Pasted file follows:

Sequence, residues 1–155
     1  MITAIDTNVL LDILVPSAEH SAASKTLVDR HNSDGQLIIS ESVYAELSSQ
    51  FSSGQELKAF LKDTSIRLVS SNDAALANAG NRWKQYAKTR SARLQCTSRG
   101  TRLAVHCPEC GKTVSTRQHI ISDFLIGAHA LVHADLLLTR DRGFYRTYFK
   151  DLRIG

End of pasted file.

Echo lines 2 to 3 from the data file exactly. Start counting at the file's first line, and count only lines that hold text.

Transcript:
     1  MITAIDTNVL LDILVPSAEH SAASKTLVDR HNSDGQLIIS ESVYAELSSQ
    51  FSSGQELKAF LKDTSIRLVS SNDAALANAG NRWKQYAKTR SARLQCTSRG